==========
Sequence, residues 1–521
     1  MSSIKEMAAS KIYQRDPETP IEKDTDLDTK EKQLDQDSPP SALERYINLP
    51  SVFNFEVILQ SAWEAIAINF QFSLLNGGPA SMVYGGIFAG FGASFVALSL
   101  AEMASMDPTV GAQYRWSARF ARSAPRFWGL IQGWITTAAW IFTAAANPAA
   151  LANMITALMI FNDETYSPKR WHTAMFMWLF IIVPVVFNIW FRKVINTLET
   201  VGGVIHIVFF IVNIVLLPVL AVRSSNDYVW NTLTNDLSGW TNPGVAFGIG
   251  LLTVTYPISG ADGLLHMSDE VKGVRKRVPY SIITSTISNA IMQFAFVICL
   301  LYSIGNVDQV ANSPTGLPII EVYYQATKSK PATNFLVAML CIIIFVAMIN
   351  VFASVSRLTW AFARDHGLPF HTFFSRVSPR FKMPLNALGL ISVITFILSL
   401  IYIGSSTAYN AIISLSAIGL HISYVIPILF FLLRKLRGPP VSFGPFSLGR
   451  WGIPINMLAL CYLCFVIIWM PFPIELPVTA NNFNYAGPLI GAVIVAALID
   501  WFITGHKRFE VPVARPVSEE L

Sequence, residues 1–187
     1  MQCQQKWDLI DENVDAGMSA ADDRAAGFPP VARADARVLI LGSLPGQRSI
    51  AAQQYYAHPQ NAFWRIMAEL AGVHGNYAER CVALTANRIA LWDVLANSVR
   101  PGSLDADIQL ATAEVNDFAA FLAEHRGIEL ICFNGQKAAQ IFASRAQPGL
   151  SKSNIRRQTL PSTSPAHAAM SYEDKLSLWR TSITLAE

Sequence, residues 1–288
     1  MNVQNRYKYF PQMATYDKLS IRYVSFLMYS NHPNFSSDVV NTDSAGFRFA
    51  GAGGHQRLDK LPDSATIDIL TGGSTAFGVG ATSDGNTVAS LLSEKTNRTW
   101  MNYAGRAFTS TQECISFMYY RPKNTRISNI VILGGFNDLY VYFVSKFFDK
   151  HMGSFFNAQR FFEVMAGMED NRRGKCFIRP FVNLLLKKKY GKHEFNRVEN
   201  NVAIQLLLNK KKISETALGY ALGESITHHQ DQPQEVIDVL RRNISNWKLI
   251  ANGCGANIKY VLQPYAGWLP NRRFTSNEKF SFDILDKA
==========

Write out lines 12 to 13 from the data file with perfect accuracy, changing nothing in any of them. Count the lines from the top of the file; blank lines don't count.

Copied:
   501  WFITGHKRFE VPVARPVSEE L

Sequence, residues 1–187